The third circle of Hell (gluttony) is guarded by the great three-headed dog, Cerberus. Virgil passes safely by filling the dog’s mouths with mud. Here they look with horror upon the gluttons, who lie in an icy slush produced by the ceaseless rain. These gluttons are sightless, and indifferent to the needs of their neighbors, symbolizing their selfish, cold lives. The slush reveals the true nature of gluttony, which is overindulgence, not only in food and drink, but in other kinds of addiction also.

The fourth circle of Hell is greed. Here there are two groups, the miserly, or avaricious(many of these are Popes, cardinals, and other clergymen), who’s possessions were hoarded, and those who squandered their wealth(prodigal). These two groups are jousting, using great weights as weapons by pushing them with their chests, and guarded by either Pluto(ruler of the underworld), or Plutus(Greek god of wealth).

In the fifth circle (anger), Dante and Virgil are ferried across the river Styx by Phlegyus while wrathful souls fight all around them. Beneath the water are the sullen souls who could find no happiness in life, and sulk even in death.

The sixth circle is filled with heretics such as the Epicureans, who believe that “the soul dies with the body”. Curiously, two such heretics that Dante talked with, were condemned posthumously.

Violence, the seventh circle, is divided into three parts. The outer ring is for those who committed violent acts against another person, or property. To Dante’s horror, he sees that they’re submerged in a river of fire and boiling blood to a level that equals the severity of their sins. He notes that Alexander the Great is immersed past his eyes. The middle ring is for those who committed suicide (violence against self). They are changed into gnarled trees and thorn bushes to be eaten by harpies. Here Dante learns that these souls will not be resurrected after judgment day because, through suicide, they gave their bodies away. The inner ring is reserved for blasphemers, for violence against God, and the sodomites, for violence against nature. The souls here are confined to a desert of flaming sand, and fiery flakes rain down from the sky.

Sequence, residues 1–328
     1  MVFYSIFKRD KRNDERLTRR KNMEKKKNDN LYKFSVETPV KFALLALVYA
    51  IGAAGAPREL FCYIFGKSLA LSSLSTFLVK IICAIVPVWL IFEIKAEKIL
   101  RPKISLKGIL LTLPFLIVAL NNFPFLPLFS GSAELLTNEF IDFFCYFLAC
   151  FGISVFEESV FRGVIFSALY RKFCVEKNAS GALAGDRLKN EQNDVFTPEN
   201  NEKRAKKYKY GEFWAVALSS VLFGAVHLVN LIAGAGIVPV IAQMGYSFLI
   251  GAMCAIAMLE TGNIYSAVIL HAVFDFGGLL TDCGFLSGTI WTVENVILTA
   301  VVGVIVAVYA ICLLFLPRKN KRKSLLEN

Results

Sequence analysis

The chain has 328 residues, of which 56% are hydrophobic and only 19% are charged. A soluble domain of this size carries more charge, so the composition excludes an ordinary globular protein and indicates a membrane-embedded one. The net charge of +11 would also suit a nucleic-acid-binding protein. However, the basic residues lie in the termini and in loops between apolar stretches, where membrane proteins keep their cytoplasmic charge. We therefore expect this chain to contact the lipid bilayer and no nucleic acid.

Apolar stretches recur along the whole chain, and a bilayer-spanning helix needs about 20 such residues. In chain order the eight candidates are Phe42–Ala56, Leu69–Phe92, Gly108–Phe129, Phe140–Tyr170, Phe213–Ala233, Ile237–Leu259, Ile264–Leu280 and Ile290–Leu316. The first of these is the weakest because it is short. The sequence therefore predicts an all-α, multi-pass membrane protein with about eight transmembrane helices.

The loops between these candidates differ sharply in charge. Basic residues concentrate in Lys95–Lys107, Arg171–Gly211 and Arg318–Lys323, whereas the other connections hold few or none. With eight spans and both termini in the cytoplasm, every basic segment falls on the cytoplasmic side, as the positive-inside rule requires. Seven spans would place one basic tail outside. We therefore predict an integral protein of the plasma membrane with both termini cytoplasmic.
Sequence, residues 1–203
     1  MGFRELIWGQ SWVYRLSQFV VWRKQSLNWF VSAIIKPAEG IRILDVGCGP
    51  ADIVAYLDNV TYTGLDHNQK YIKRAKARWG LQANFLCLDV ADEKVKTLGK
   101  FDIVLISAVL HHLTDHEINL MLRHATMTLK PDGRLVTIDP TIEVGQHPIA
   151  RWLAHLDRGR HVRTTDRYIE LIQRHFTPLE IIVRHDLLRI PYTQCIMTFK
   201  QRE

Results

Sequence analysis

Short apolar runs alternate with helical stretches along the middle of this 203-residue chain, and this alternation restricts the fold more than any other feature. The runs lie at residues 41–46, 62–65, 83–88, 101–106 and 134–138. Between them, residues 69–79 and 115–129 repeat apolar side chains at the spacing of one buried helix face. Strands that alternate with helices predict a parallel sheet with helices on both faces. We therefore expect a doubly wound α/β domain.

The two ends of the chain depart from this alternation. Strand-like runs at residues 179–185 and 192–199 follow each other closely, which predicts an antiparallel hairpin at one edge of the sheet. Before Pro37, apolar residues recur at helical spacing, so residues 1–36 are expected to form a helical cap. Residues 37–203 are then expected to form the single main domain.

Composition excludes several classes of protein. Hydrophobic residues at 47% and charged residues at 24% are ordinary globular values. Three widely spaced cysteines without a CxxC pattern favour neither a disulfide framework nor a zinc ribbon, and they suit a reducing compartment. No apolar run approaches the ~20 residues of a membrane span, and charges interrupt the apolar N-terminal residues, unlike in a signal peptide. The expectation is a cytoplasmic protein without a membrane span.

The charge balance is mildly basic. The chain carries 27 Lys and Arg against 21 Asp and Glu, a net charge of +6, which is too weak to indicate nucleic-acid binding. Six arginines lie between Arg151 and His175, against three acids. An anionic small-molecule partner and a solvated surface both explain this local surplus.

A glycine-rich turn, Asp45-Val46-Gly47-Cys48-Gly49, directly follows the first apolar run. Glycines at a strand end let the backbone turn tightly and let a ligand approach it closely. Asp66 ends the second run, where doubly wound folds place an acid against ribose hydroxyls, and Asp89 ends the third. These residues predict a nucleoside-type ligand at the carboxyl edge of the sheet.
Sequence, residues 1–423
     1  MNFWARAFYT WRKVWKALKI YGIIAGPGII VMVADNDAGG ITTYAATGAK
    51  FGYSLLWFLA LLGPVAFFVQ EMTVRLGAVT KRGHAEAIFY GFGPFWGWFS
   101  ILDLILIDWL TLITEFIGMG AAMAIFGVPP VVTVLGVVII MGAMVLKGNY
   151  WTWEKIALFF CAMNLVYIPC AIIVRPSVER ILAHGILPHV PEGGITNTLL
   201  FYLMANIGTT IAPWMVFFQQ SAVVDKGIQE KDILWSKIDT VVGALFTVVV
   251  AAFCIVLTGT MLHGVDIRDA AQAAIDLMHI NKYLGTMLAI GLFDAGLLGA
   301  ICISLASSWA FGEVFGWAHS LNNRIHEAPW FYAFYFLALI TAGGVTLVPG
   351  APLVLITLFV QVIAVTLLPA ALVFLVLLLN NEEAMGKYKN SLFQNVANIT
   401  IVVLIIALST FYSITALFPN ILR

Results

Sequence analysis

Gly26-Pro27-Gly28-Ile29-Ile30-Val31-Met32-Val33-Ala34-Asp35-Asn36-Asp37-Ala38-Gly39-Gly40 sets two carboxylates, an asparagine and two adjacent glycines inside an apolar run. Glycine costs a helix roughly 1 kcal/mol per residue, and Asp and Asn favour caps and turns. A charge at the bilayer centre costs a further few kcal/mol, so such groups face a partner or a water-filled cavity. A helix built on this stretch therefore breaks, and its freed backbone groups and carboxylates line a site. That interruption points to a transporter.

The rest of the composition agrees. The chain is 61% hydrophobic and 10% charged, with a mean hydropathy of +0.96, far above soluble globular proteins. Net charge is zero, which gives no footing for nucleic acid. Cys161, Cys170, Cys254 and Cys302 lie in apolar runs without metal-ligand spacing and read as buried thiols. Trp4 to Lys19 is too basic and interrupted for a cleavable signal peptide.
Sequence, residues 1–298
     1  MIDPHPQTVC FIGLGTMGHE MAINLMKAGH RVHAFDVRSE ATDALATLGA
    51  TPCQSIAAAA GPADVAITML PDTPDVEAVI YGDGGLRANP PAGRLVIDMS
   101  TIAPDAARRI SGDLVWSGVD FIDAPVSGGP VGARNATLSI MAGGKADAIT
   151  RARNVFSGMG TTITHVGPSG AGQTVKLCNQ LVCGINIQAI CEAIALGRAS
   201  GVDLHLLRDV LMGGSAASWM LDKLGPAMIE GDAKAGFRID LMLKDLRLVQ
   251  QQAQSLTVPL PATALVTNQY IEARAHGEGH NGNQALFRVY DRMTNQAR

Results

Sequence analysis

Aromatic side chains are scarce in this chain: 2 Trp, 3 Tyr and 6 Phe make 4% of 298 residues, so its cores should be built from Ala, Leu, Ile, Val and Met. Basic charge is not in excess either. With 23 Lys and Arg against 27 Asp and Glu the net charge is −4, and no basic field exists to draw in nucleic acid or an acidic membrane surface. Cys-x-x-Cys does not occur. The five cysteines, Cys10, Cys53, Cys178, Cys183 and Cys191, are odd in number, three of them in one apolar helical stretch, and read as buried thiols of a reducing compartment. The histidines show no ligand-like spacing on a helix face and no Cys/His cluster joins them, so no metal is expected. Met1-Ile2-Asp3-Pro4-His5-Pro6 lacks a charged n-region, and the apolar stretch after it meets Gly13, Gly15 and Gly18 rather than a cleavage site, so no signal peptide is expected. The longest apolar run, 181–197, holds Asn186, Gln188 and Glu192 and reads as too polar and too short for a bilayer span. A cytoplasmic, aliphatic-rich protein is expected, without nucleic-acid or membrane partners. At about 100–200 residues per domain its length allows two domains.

The eighth and ninth circles of Hell punish all the sins involving conscious fraud, and willful treachery. Dante and Virgil descend an enormous cliff with the help of the winged monster Geryon. He is usually described with three heads, and sometimes three conjoined bodies. Dante describes him as possessing three natures. The very image of fraud, Geryon has the face of the most innocent of men, a beautifully colored wyvern’s body, the soft, furry paws of a lion, and a pointy tail with a stinger on the end. Here, the panderers march eternally while being whipped by demons. The flatterers are soaked in human waste, to symbolize the false words they spoke. Those who have committed simony (paying for an appointment to a holy office) are stuck headfirst into rocks similar to baptismal fonts. False prophets such as astrologers and fortunetellers have their heads turned backwards on their bodies. This is in reference to the fact that they tried to see into the future, and to the belief that the nature of magic in general is twisted.

The ninth circle is surrounded by a ring of biblical and classical giants. This may symbolize spiritual flaws, such as pride, that often lay behind treachery. They stand above the circle on a ledge, and are only visible from the waist up. The traitorous souls differ from the fraudulent in that they betrayed a special kind of relationship, such as, family community, guests, or political betrayal.

In the absolute center of Hell is Satan. He has been condemned for committing the ultimate sin, Treachery against God. Satan is frozen in ice waist deep, and he weeps from six eyes and beats six wings trying to escape. The wind from his wings is icy, and only secures his imprisonment. In each of his three mouths, he is chewing on a well- known traitor, Cassius and Brutus in the right and left mouths respectively, while the mouth in the center chews on Judas.

The two adventurers climb down the fur of Satan, and escape through the earth’s center. They emerge just before daylight on Easter morning, in the other hemisphere. Though the poem is a work of fiction, it is considered to be one of the great works of western literature, and most certainly a very graphic work of horror for its time.